Patient-reported outcomes: A smart way of collecting powerful datasets

This blog post highlights the importance and the benefits of researching complementary and alternative practices by using Patient Reported Outcomes. 

In November 2013, South Africa’s Medicines Control Council (MCC) released official guidelines for Complementary and Alternative medicines (CAMs) that could effectively see between 60 – 85% of products being removed from shelves. Currently, this industry is estimated to be worth a whopping R7-billion, with more than ±40 000 products on the market. The regulations have now defined a new category of medicines under law, Category D: Complementary Medicines. Products that do not fit the description of a Category D Medicine will automatically move into Category A: General medicines, which are classified as, and subject to, pharmaceutical drug regulations.

As a result of increasing popularity by general consumers, the need for data collection on CAMs has become increasingly highlighted by the release and hype of these new guidelines. Due to the exorbitant costs involved in clinical research, required for Category A medicines, CAM companies are forced to seek alternate ways of collecting powerful datasets that could be used in support of their claims, registrations and used as powerful marketing material for their product portfolios.

Although medical technology allows us to measure physical, physiological or biochemical parameters of data for a patient; it is not able to give all the data about the treatment or the disease itself. Some data can be obtained only from the patients themselves.

In short, patients can provide much more insightful data about things like thoughts, complaints or opinions that technology or any observer can’t, which would be considered as valuable data. Furthermore, quality of life also plays an essential role in the treatment as in some diseases, survival is not the ultimate goal of the treatment.

Patient-reported outcomes research (PROs) that stresses the importance of research “informed by the perspectives, interests and values of patients” throughout the research process has become increasingly more attractive to the CAMs industry as a powerful way of collecting valuable data. Aiming to provide practical evidence to support real-world decision-making – PROs particularly emphasises the patient perspective and are commonly used as outcome measures in clinical trials and observational studies. Identifying valuable information on the benefits and harms of interventions in a real-world setting can be valuable to a company and their consumers.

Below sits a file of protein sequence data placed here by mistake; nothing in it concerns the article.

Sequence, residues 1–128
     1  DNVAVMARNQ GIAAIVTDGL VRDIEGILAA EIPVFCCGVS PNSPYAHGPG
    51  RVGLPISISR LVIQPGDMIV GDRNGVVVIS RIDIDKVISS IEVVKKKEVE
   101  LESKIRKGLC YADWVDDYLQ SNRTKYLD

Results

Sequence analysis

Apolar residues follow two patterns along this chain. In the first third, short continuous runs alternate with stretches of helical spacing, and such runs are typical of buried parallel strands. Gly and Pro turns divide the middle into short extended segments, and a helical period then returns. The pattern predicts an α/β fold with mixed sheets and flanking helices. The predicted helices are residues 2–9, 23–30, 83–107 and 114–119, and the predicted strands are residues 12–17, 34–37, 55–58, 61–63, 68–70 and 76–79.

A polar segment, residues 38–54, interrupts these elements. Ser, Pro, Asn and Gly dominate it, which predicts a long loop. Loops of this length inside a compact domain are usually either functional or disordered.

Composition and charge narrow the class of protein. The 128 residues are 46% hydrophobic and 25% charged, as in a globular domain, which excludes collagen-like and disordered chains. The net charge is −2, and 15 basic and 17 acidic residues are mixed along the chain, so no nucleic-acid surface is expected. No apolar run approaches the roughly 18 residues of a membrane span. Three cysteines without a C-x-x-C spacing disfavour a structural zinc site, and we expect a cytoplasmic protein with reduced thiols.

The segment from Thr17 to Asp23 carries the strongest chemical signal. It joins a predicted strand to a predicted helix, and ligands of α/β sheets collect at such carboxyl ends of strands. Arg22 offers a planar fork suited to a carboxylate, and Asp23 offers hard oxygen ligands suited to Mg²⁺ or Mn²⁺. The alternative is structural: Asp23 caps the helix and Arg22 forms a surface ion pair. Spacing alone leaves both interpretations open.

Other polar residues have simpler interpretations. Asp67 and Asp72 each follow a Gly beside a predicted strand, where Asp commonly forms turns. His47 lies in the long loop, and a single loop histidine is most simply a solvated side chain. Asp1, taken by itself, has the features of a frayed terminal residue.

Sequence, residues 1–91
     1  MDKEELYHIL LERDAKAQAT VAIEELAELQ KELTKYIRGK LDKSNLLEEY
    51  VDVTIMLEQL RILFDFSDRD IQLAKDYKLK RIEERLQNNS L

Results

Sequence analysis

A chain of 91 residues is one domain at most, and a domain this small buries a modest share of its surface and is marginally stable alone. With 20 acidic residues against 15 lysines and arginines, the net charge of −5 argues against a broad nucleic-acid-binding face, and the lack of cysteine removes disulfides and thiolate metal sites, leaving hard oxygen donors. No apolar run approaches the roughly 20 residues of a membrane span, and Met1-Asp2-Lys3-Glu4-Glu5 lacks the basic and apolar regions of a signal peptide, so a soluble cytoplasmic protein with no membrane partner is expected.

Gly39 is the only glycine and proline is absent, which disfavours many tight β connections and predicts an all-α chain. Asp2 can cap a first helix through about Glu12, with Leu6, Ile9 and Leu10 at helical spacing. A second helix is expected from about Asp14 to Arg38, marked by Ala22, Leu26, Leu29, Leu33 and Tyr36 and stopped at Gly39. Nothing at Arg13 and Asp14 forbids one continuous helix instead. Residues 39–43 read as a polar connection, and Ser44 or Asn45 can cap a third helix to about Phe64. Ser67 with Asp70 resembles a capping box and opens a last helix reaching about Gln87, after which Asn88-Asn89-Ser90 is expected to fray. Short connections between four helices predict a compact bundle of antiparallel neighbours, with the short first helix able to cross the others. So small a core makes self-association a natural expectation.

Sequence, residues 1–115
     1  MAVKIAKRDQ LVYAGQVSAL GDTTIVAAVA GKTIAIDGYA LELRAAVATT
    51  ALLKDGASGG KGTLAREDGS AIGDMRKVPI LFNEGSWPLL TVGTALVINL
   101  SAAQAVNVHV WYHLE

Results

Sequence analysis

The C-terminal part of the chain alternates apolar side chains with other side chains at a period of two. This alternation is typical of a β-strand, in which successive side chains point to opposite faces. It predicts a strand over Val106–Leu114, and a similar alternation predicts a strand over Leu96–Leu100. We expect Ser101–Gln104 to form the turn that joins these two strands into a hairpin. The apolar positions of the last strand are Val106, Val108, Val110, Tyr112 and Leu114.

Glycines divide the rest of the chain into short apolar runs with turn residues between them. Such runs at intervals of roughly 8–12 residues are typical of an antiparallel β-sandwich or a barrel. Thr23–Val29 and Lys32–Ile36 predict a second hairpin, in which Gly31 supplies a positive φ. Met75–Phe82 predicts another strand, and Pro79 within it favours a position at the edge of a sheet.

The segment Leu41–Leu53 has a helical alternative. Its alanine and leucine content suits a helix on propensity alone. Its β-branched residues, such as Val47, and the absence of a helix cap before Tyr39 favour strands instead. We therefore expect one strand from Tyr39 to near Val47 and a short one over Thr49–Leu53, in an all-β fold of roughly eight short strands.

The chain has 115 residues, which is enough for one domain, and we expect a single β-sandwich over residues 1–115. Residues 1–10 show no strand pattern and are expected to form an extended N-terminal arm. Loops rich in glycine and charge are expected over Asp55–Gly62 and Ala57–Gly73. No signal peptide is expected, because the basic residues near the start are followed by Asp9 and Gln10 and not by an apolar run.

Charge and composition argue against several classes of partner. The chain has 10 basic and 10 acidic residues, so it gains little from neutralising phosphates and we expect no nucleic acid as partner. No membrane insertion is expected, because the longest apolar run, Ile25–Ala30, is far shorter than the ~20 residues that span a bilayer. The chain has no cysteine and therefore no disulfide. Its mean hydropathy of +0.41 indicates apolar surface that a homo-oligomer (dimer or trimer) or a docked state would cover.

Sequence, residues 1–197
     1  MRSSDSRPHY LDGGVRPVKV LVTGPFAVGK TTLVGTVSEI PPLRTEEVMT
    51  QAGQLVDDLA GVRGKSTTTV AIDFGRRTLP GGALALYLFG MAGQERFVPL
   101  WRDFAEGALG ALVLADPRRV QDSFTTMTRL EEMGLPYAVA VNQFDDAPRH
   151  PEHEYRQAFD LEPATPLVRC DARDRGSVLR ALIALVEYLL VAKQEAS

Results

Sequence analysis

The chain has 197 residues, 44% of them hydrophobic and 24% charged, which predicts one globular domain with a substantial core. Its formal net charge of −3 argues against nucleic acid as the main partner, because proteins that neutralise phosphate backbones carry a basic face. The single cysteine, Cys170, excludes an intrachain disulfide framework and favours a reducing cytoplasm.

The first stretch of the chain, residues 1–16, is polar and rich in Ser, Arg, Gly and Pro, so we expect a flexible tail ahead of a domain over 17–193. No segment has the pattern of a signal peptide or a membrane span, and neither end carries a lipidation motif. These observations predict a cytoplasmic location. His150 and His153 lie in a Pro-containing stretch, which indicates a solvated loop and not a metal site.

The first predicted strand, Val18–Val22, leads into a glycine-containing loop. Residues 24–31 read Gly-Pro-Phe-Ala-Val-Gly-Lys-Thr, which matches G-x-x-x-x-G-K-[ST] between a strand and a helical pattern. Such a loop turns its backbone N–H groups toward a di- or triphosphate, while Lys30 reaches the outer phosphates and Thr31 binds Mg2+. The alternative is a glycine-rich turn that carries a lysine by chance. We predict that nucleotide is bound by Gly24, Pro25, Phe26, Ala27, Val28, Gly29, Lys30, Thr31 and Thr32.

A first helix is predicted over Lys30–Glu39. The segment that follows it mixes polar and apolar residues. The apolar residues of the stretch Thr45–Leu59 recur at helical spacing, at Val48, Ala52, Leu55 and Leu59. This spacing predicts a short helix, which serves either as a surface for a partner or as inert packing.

Compared to the older paper-based process of data collection (being expensive, labour intensive, error-inducing and lengthy), recent technological developments that facilitate the electronic collection process of PROs and the linkage of PRO data with other clinical data offer new opportunities for faster more effective ways of data collection. Across all levels of PRO application, the collection of PRO data is difficult – albeit not impossible – without electronic data methods. Electronic data capturing improves feasibility of collection, decreases burden and enables sophisticated survey administration.

The outcomes are broadly classified into- clinical (e.g. cure, survival), humanistic (e.g. emotional status) and economical (e.g. expenses, saving).

Ideal properties of a PRO instrument:

  • As seen in literature, the following ideal properties can be extracted:
    • It should be specific to the concept being measured;
    • It should be based on end-point model;
    • It should have conceptual equivalence;
    • It should be based on the conceptual framework;
    • It should have proper evidence for the conceptual framework;
    • It should contain optimum number of items;
    • It should have easy and specific measurement properties i.e. use of the scales which is easiest for the intended population to understand;
    • It should maintain the confidentiality.

 

PRO measurements can provide critically important information to CAM companies about the quality of improvement initiatives, enabling them to focus on what is most important to patients: how they feel and function. PRO measurement is advancing quickly and is currently the subject of international attention. With increasing pressure being applied to the CAMs industry, PROs could be the alternative option many companies are searching for in aiding them to meet the MCC’s requirements to gather real-world data in support of their registrations.

TCD Outcomes Research specialises in late phase research and is well equipped for undertaking such data collection, where focus is given to the patient. Combining our pharmaceutical experience together with our “High Tech, Low Touch” philosophy, we provided creative solutions that are tailored specifically to the project’s objectives. TCD Outcomes Research regards PROs as a powerful tool and aims to make high use of its impact with future endeavours.

 

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